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  1. 13 Nov '08 12:44
    This book has long been on my list of chess books to read, however it's been out of print for ages and costs a fortune second hand:
    http://tinyurl.com/6la4bv

    Edward Labate has now had the book reprinted:
    http://www.labatechess.com/cart/

    This is obviously a bit more affordable than £110, but before I splash out on it I was wondering if anyone here has a copy of "Chess Tactics for Advanced Players", and if so whether it deserves its good reputation?
  2. 13 Nov '08 13:12
    I don't have it, but what are you hoping to find in it that you cannot get from CT-ART?
  3. 13 Nov '08 13:42
    Originally posted by zebano
    I don't have it, but what are you hoping to find in it that you cannot get from CT-ART?
    Software has its place, but generally I prefer books. The interface to CT-ART looks a bit ugly and this review pointed out several deficiencies: http://www.chesscircle.net/forums/computer-chess/28122-what-do-you-think-about-ctart-30.html
  4. 13 Nov '08 13:45
    CT ART is ugly and runs slowly on my PC, but not having to set up positions manually is a huge blessing.
  5. 13 Nov '08 13:54
    Originally posted by zebano
    CT ART is ugly and runs slowly on my PC, but not having to set up positions manually is a huge blessing.
    When I'm reading a chess book I've found that I can often find the games in question on chessgames.com, though I much prefer to have two real boards in front of me!
  6. 13 Nov '08 16:21
    Originally posted by Fat Lady
    When I'm reading a chess book I've found that I can often find the games in question on chessgames.com, though I much prefer to have two real boards in front of me!
    I have the chess digest edition. It is rather small but 326 pages thick.
    Mr.Labate says that he made the text larger.
    It is a pretty advanced text.
    There are pages and pages of complicated to move diagrams. In addition, there is text explaining the themes/what is going on.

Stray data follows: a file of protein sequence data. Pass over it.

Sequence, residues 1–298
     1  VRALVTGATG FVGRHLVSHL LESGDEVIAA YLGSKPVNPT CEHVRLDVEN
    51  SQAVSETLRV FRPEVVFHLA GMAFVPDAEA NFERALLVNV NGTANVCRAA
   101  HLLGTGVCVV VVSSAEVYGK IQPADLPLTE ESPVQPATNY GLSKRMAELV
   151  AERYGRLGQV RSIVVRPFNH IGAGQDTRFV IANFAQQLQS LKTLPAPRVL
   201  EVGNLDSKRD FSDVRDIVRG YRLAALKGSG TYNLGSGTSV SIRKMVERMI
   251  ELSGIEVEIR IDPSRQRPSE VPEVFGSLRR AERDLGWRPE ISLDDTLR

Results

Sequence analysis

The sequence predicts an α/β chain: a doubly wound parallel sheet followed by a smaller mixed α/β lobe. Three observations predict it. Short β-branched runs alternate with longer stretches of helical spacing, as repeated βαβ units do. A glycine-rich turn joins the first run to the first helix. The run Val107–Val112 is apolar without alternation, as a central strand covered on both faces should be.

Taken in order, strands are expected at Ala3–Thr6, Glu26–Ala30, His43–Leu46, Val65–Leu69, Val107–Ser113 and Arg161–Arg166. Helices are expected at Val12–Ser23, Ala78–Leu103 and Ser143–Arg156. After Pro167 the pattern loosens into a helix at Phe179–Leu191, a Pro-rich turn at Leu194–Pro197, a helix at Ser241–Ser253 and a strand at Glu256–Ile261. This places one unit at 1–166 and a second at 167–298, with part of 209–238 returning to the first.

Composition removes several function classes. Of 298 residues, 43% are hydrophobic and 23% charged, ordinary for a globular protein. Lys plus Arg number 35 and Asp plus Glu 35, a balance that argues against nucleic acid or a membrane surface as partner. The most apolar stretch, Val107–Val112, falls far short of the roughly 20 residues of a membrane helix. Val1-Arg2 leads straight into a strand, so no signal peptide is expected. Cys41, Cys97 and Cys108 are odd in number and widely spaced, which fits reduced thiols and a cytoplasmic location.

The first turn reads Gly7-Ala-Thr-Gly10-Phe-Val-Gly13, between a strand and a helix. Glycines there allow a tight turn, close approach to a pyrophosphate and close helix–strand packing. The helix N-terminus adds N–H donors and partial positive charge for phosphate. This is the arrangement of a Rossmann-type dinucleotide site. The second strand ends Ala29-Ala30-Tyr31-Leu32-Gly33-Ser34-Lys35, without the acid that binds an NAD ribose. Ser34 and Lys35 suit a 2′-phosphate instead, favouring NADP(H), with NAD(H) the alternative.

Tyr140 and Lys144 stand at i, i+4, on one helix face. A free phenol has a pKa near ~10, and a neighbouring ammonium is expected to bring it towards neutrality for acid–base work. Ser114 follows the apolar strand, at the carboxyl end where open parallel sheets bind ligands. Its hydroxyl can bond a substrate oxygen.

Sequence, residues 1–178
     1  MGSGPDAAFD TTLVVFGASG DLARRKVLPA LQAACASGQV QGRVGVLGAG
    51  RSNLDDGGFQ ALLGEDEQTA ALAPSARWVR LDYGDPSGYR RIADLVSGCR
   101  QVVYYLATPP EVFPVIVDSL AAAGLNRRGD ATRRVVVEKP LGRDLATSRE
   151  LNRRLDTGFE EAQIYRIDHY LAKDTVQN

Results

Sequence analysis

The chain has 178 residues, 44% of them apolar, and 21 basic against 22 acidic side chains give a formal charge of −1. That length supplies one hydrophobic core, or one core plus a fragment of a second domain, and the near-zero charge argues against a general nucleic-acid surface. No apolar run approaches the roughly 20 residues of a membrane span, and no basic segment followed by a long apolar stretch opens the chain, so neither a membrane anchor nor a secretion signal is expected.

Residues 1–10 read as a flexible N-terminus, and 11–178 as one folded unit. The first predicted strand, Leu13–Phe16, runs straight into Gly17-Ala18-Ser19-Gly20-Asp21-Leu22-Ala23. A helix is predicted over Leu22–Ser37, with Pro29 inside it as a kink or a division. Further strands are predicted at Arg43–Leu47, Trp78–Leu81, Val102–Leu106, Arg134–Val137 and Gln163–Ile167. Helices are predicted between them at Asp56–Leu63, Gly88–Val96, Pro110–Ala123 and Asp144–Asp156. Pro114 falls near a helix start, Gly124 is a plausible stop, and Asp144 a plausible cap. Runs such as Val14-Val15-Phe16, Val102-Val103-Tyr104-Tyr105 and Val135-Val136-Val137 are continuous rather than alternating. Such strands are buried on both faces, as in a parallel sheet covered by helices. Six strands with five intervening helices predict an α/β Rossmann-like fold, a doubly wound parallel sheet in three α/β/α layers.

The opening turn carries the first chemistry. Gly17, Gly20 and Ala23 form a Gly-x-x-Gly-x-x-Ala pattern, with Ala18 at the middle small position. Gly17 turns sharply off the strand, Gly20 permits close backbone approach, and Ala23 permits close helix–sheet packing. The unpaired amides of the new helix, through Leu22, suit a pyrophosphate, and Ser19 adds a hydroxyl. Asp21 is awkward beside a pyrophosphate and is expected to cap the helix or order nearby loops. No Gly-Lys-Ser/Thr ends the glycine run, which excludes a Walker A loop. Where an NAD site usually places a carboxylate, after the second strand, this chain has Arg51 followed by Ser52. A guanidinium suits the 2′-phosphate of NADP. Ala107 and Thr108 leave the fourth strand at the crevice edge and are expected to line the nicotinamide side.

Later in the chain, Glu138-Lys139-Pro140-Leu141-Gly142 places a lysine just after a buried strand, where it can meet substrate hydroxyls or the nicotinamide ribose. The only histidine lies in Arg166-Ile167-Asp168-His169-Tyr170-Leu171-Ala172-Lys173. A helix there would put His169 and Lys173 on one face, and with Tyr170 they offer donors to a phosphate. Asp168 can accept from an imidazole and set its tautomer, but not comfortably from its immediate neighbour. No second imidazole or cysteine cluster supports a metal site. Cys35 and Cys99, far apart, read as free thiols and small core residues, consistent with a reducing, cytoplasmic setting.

Naturally, many of the positions are taken from actual games.

    He starts with basic elements, and then the positions tend to get more and more complicated.

    Here is a random example

    The main theme is the Double Attack.

    The secondary theme is The Exchange (Using the exchange to force a double attack).

    Here is a position (on Page 69 from the 1992 Chess Digest Edition)

    Kan - Lowenfisch Tbilisi 1937

  7. 13 Nov '08 16:28
    White To Play

    "The uncovered Black bishops prompted White to work up a double attack on them by means of an exchange."

    1.Nxd4! Rxd4 2.Be2! Rxd1 3.Qxd1 ...

    "These forced exchanges enabled White's queen to move to line d, from where it can penetrate to d7 and attack the two bishops."

    3. ... Qg5

    "Black wants to protect one of the bishops with the queen. Bad was 3. ... Qxe4 because of the "fork" 4.Bf3."

    4.h4! Qf6 5.e5!

    "Forces the queen to abandon the bishop"

    5. ...Qg6 6.Qd7 Bxg2 7.Kxg2 Bxh4 8.Qd3 ! Qxd3 9.Bxd3

    "and White wins."

    "We have now seen how the double attack was forced through sacrifices (he may mean exchanges). The next chapter is devoted to the sacrifice as a means of forcing the double attack."

    That's just a random position from the book. There are many many more.

    I hope you enjoy it.
  8. 13 Nov '08 16:36 / 2 edits
    Thanks for going to the trouble of entering the position and text.

    Here is the game from chessgames.com (position is after Black's 18th move): http://www.chessgames.com/perl/chessgame?gid=1090687

    So in this case, the idea is White is supposed to see that a rook or queen on c7 or d7 would attack both of Black's undefended bishops, and having seen that he has to work out how to get a rook or queen to one of those squares? Does the text in the book talk you through it? [edit: nevermind, you added another post whilst I was writing mine]

    Absolutely beautiful technique shown by Kan in this game once he was a piece for two pawns up!
  9. 13 Nov '08 16:37
    Originally posted by Fat Lady
    This book has long been on my list of chess books to read, however it's been out of print for ages and costs a fortune second hand:
    http://tinyurl.com/6la4bv

    Edward Labate has now had the book reprinted:
    http://www.labatechess.com/cart/

    This is obviously a bit more affordable than £110, but before I splash out on it I was wondering if anyone here ha ...[text shortened]... y of "Chess Tactics for Advanced Players", and if so whether it deserves its good reputation?